AC MILAN 2-3 LIVERPOOL (3-3 a.e.t.)
2005 Champions League final




Milan didn't quite enjoy the same fortune from 12 yards two years later in Istanbul in what has been widely regarded as the most spectacular comeback in a European Cup final. The Italians cruised to a 3-0 lead at half-time against Liverpool, with the Reds camp claiming afterwards that their opponents had kicked off celebrations in the dressing room during the interval. Rafa Benitez's men duly rallied after the restart and drew levelled within 15 second-half minutes, and Milan were on the backfoot since, even in the shoot-out.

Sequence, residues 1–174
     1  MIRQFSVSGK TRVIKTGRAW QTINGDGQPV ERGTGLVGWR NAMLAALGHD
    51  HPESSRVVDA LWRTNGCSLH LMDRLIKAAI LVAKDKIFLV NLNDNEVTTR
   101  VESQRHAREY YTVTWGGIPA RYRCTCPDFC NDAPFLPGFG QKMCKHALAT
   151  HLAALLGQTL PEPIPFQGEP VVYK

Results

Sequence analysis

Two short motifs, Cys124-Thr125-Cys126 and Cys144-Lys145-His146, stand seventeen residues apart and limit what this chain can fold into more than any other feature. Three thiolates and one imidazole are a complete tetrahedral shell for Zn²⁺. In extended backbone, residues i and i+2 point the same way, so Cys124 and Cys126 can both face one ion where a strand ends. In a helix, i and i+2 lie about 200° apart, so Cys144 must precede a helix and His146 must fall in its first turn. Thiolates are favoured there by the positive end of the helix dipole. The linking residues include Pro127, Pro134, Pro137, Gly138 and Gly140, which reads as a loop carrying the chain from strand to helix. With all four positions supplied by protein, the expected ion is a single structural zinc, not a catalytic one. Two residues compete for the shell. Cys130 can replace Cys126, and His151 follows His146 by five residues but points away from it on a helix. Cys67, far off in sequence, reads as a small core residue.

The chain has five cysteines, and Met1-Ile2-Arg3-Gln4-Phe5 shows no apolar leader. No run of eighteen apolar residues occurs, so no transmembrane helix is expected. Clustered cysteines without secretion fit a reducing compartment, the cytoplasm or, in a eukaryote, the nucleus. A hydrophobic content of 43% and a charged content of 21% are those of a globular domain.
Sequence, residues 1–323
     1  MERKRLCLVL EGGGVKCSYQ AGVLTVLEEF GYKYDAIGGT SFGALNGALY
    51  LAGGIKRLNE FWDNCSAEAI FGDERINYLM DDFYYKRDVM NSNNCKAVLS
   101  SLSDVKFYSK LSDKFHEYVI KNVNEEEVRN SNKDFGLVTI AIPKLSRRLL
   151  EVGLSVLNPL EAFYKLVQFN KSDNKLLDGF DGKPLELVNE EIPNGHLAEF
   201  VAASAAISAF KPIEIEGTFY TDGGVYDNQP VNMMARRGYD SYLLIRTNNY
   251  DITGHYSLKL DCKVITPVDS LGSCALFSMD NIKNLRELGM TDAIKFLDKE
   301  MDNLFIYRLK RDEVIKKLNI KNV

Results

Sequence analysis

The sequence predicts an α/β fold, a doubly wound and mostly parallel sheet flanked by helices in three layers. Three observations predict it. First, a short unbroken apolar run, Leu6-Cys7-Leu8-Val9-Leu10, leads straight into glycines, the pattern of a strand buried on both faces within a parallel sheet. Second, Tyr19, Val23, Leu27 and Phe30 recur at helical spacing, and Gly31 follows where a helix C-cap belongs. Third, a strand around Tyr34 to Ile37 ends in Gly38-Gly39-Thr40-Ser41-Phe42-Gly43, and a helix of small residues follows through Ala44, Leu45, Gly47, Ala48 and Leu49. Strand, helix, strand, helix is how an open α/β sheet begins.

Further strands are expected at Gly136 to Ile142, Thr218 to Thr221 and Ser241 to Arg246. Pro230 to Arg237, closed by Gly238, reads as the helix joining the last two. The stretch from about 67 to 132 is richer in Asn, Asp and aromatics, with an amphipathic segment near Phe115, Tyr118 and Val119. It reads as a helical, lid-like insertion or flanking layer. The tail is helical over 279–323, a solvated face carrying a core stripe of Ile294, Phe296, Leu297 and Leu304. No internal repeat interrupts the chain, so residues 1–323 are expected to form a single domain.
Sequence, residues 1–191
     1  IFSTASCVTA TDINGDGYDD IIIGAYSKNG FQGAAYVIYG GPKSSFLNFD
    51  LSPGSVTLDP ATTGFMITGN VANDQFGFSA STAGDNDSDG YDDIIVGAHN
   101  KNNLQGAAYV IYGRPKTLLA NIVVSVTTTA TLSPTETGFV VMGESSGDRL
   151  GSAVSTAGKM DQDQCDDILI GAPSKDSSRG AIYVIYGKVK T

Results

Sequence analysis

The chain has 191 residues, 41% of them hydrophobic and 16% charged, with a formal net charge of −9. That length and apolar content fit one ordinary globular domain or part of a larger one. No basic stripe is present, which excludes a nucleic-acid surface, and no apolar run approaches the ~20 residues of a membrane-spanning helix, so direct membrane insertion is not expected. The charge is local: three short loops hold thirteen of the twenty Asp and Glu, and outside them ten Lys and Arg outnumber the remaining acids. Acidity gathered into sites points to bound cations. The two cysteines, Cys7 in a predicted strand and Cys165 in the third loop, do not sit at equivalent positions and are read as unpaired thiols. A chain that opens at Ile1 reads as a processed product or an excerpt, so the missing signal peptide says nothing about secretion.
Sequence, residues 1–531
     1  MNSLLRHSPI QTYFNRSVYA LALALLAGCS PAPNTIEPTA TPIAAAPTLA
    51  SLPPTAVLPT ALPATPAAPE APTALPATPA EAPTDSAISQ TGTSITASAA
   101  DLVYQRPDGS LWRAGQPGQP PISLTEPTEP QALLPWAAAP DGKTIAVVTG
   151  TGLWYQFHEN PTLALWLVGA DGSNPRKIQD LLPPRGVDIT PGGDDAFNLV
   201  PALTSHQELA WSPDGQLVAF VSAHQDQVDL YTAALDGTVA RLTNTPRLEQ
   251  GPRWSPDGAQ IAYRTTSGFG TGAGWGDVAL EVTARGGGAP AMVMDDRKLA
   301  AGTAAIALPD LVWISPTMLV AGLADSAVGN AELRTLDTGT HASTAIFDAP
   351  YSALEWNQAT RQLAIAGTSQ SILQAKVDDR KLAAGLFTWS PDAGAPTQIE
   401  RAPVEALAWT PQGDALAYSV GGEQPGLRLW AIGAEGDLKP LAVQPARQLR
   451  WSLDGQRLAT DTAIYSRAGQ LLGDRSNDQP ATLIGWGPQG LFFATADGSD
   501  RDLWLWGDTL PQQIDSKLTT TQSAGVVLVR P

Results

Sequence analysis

The Rossoneri went first this time but Serginho, who converted his side's opening kick two years ago, blazed over the bar after Jerzy Dudek's best Bruce Grobbelar imitation distracted the Brazilian. Dietmar Hamann made no mistakes to put Liverpool ahead, and when Djibril Cisse converted his effort after Andrea Pirlo was denied by Dudek, the Merseysiders looked in cruise control. Jon Dahl Tomasson eventually got Milan on the board but after Dida saved John Arne Riise's attempt, it was suddenly game on again. Kaka dispatched his penalty to make it 2-2, but Vladimir Smicer didn't buckle under pressure as he restored Liverpool's advantage. As fate would have it Shevchenko, the hero in 2003, became the villain in 2005 when his kick down the middle was fisted away by Dudek's trailing left arm. The Reds' astonishing comeback was complete as they triumphed 3-2 on penalties in one of the very rare occasions where regulation time eclipsed the suspense of the shoot-out.

2008 Champions League final